Skip to Main Content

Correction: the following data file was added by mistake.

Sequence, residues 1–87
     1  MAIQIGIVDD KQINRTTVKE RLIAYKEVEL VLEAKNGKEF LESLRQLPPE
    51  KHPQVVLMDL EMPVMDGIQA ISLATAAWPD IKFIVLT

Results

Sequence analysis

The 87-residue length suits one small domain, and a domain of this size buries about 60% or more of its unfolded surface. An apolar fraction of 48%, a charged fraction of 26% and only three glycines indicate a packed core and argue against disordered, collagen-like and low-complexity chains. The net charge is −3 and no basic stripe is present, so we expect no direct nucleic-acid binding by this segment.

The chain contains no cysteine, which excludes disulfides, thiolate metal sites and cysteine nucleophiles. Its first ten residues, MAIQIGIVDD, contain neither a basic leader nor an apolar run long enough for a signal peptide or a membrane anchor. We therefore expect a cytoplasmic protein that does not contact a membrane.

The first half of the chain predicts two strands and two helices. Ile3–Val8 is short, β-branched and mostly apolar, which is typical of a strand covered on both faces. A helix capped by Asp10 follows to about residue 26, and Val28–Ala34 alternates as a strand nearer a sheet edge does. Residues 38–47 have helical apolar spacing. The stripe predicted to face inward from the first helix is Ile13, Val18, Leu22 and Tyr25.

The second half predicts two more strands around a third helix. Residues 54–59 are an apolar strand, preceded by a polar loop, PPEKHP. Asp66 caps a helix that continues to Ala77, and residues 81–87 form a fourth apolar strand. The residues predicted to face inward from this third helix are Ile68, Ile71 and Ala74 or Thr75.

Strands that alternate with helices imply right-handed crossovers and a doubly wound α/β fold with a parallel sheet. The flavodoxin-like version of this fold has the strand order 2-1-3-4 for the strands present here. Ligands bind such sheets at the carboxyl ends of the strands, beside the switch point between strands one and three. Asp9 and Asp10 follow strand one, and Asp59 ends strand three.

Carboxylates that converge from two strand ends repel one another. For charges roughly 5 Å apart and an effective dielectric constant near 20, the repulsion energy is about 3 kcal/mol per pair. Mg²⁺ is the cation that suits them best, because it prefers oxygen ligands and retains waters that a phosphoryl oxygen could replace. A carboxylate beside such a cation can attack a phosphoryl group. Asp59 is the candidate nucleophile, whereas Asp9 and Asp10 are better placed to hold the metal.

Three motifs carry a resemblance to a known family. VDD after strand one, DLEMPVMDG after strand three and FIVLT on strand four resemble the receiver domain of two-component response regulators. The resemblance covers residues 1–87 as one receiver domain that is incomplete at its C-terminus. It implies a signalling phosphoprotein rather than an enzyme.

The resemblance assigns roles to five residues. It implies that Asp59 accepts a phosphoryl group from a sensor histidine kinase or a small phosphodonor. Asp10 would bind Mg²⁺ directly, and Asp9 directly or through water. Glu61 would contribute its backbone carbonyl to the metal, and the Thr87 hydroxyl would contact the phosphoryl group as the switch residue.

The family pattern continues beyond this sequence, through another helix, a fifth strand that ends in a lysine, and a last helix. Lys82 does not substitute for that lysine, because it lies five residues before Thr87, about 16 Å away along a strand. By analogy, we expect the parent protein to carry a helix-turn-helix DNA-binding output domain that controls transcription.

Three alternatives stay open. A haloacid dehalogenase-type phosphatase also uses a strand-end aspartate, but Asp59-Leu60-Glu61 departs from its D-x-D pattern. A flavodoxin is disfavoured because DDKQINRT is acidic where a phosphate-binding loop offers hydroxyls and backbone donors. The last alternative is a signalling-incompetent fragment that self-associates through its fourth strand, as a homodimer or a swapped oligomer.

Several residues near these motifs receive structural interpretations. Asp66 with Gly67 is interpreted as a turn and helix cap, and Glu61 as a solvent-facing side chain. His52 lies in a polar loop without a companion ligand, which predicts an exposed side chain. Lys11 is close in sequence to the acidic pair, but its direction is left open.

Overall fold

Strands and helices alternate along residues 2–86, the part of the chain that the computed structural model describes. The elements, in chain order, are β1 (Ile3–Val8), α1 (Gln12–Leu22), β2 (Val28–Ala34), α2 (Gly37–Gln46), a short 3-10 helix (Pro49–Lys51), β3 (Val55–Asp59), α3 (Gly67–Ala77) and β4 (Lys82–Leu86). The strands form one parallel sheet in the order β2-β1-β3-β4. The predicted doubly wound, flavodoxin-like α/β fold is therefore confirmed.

We perform prediction of diverse disorders (cocaine use, schizophrenia and Alzheimer's disease) in unseen subjects from brain functional magnetic resonance imaging. First, we show that for multisubject prediction of simple cognitive states (e.g., motor versus calculation and reading), voxels-as-features methods produce clusters that are similar for different leave-one-subject-out folds; while for group classification (e.g., cocaine addicted versus control subjects), voxels are scattered and less stable. Therefore, we chose to use a single region per experimental condition and a majority vote classifier. Interestingly, our method outperforms state-of-the-art techniques. Our method can integrate multiple experimental conditions and successfully predict disorders in unseen subjects (leave-one-subject-out generalization accuracy: 89.3% and 90.9% for cocaine use, 96.4% for schizophrenia and 81.5% for Alzheimer's disease). Our experimental results not only span diverse disorders, but also different experimental designs (block design and event related tasks), facilities, magnetic fields (1.5T, 3T, 4T) and speed of acquisition (interscan interval from 1600 to 3500 ms). We further argue that our method produces a meaningful low-dimensional representation that retains discriminability.